The first thing you will need to do in writing your proposal is to gather the documentation for it. You will require background documentation in three areas: concept, program, and expenses.
If all of this information is not readily available to you, determine who will help you gather each type of information. If you are part of a small nonprofit with no staff, a knowledgeable board member will be the logical choice. If you are in a larger agency, there should be program and financial support staff who can help you. Once you know with whom to talk, identify the questions to ask.
This data-gathering process makes the actual writing much easier. And by involving other stakeholders in the process, it also helps key people within your agency seriously consider the project's value to the organization.
It is important that you have a good sense of how the project fits with the philosophy and mission of your agency. The need that the proposal is addressing must also be documented. These concepts must be well-articulated in the proposal. Funders want to know that a project reinforces the overall direction of an organization, and they may need to be convinced that the case for the project is compelling. You should collect background data on your organization and on the need to be addressed so that your arguments are well-documented.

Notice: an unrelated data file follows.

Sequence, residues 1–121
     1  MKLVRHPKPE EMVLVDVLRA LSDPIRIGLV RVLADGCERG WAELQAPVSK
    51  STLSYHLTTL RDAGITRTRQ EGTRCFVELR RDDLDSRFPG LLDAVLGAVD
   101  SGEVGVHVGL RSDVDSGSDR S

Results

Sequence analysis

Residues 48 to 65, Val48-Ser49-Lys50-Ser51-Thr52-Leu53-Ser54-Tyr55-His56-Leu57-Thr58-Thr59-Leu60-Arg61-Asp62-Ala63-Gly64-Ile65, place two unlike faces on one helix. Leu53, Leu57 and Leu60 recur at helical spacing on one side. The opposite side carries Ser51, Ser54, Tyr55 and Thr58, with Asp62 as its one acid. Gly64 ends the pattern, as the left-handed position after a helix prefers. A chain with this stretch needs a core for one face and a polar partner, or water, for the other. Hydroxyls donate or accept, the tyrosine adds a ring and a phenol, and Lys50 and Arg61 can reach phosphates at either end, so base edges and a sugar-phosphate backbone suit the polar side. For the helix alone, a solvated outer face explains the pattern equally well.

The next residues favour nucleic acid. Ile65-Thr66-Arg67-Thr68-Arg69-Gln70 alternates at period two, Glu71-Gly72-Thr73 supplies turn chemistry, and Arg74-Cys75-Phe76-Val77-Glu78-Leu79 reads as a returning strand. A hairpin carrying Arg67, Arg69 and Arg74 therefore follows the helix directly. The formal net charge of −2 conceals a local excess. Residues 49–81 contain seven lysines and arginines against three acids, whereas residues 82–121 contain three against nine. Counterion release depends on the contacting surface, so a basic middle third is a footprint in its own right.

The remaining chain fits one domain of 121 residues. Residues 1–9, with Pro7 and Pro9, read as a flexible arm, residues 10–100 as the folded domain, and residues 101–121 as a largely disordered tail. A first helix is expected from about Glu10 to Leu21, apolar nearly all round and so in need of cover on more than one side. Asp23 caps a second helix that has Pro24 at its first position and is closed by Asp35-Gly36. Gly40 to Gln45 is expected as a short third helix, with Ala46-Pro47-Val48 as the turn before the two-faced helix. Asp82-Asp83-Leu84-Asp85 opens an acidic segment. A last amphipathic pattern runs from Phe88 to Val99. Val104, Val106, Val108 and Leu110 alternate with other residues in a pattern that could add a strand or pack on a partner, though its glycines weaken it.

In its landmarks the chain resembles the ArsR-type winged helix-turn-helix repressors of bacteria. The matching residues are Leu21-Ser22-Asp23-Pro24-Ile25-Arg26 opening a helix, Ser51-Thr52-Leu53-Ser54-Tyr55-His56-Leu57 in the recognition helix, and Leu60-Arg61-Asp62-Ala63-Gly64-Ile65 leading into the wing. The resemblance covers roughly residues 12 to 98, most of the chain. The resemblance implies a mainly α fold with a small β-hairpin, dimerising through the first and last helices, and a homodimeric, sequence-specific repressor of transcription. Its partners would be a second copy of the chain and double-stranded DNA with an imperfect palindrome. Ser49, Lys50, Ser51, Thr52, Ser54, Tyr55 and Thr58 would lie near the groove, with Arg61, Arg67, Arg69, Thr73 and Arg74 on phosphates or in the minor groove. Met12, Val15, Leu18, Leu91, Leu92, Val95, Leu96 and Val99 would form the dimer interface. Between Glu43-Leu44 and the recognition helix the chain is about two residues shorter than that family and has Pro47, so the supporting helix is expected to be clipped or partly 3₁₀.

Here is a check list of the program information you require:
- the nature of the project and how it will be conducted;
- the timetable for the project;
- the anticipated outcomes and how best to evaluate the results; and
- staffing and volunteer needs, including deployment of existing staff and new hires.
You will not be able to pin down all the expenses associated with the project until the program details and timing have been worked out. Thus, the main financial data gathering takes place after the narrative part of the master proposal has been written. However, at this stage you do need to sketch out the broad outlines of the budget to be sure that the costs are in reasonable proportion to the outcomes you anticipate. If it appears that the costs will be prohibitive, even with a foundation grant, you should then scale back your plans or adjust them to remove the least cost-effective expenditures.